AdSense in Gatsby

AdSense in Gatsby

May 15th, 2019


How to add Google AdSense and other components to a Gatsby markdown blog.


Gatsby has some great plugins that allow you to use markdown files for your sites content which makes it ideal for static blogs but how do you start monetising your new blog to get some passive income from your readers?

There are many ways to do this with ads and affiliate marketing but probably the most popular is Google AdSense, it gives you tons of analytics and also offers plenty of customisation so that it looks and feels like part of your site.

Using AdSense

If you don't have and AdSense account already and have only just started your blog or haven't yet created much content you may find this affects your application for an account as they require that you have enough content and not be "under construction". I found that a few blog posts was enough to get me accepted.

If you haven't got an AdSense account yet sign up here, Once you have been accepted you can create a new ad and return here to continue.


To use AdSense in our markdown we're going to create an AdSense React component using react-adsense then use rehype-react to look for a tag in our markdown and replace it with our component.

Underneath rehype-react is using rehype that takes a hast format of our markdown provided by Gatsbys gatsby-transformer-remark plugin to hook into and replace certain tags with React components.

This is not limited to just our AdSense component and you can use any component you want, for example I've also done it with a Button component that links to examples in some of my posts.


First install the dependancies to make this work.

yarn add react-adsense rehype-react gatsby-transformer-remark
# or
npm install react-adsense rehype-react gatsby-transformer-remark

Update your config to include the gatsby-transformer-remark plugin if it's not already configured.

// gatsby-config.js
// ...other config
plugins: [
  // ...other plugins

Create your AdSense component, I used react-adsense and wrapped it in a custom component with the correct props as it makes it a little easier, remember to add your own client and slot keys.
The client value is your publisher ID which you can get in the AdSense console by going to "Account > Settings > Account Information" and the slot value is your ad ID.

import React from 'react';
import AdSense from 'react-adsense';

const MyAdSense = () => (

export default MyAdSense;

In the template where you render your markup import the AdSense component you just created and rehype-react.

Create a "rehypeReact" instance, assign it to a constant and pass in the following configuration.

// ./templates/Post.jsx
import rehypeReact from 'rehype-react'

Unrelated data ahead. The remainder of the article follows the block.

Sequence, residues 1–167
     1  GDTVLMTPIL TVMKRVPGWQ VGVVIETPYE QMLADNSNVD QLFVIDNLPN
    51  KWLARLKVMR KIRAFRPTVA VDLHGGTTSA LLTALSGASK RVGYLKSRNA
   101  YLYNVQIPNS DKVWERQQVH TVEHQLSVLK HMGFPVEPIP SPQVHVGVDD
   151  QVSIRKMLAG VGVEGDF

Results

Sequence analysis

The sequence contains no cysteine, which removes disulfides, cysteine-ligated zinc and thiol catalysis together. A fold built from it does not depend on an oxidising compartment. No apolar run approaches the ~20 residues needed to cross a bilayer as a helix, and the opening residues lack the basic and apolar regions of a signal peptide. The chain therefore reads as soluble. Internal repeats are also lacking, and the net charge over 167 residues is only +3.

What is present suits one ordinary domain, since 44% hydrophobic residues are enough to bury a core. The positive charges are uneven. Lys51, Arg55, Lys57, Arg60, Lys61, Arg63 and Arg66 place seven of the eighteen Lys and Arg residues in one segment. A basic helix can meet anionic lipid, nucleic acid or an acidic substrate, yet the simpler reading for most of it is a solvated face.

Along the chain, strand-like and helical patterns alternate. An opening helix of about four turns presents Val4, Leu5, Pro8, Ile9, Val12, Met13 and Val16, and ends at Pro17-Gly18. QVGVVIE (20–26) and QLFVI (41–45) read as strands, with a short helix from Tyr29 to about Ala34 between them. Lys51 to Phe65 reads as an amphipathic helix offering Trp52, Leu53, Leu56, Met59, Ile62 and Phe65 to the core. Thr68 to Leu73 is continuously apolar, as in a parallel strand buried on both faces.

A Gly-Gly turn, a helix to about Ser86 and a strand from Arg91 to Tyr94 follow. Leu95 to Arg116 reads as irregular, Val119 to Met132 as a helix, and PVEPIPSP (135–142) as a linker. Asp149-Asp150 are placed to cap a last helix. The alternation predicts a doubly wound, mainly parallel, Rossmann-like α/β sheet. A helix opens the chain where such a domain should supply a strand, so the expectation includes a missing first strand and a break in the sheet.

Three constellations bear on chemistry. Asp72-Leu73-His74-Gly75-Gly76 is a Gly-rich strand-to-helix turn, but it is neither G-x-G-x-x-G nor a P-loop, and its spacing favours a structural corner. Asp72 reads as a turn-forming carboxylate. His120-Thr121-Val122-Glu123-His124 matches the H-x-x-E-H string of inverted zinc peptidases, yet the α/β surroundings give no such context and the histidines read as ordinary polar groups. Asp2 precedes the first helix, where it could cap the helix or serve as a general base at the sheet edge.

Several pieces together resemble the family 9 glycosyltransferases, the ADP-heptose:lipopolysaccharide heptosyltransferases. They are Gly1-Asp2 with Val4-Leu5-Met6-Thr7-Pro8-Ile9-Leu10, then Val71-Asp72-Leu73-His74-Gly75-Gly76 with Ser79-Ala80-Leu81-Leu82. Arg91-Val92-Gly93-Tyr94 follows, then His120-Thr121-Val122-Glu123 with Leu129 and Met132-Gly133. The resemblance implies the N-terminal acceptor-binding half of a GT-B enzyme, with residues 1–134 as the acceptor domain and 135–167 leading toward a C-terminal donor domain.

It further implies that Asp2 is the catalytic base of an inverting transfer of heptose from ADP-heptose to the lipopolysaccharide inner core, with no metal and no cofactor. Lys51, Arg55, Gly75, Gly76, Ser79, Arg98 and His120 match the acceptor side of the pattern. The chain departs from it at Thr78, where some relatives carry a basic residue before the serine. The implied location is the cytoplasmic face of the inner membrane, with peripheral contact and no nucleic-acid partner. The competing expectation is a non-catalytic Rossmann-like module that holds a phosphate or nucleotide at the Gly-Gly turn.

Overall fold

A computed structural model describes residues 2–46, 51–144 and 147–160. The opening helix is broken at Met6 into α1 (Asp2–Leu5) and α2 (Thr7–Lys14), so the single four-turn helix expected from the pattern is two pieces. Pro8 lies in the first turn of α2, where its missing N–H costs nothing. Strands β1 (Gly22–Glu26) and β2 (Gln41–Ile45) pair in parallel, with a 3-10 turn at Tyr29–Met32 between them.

import MyAdSense from '../components/MyAdSense/MyAdSense';

// ...
const renderAst = new rehypeReact({
  createElement: React.createElement,
  components: {
    'adsense': MyAdSense,
// ...

What this does is replace any <adsense></adsense> tag in your markup file with the MyAdSense React component you made earlier, as I said before you can do this with any React component.

query ($slug: String!) {
  markdownRemark (
    fields: {
      slug: {
        eq: $slug
  ) {
    frontmatter {

Instead of querying the html you instead query htmlAst.
Where you may have previously been using something like <div dangerouslySetInnerHTML={{ __html: html }} /> you now use the renderAst Method and pass it htmlAst.

// ./templates/Post.jsx
// render

Now just use the tag in your markdown file!

# My post

lorem ipsum...
...dolor sit amet

You may have noticed that I didn't use a self closing tag, this is because it won't work, you must have a closing tag!

That's it! a really clean and simple way to add AdSense or any other React Component into your markdown.

Optional Additions

You could make configuration a little nicer by adding your AdSense keys to the "siteMetadata" in your "gatsby-config.js" then querying it and passing it to the AdSense component, this could be handy if you have multiple ads you want to be able to reference.

Experiment with other components, try not to go too crazy as blog content should ideally be easy on the eye but adding styled buttons and other components that you couldn't normally do inline with markdown can be a nice touch.


Use this sparingly and for times where you need to add additional components in the middle of your markdown content such as AdSense, try to utilise frontmatter for meta about your content such as author, date and tags.

There's more than one way to do this but other implementations impact the markdown more aggressively such as adding imports to the top of your markdown file then adding JSX style tags like with MDX which in my opinion feels out of place in simple markup.

Although rehype also adds custom tags it looks and works much like adding a html tag to markdown, it's also sponsored by Gatsby and naturally requires less setup.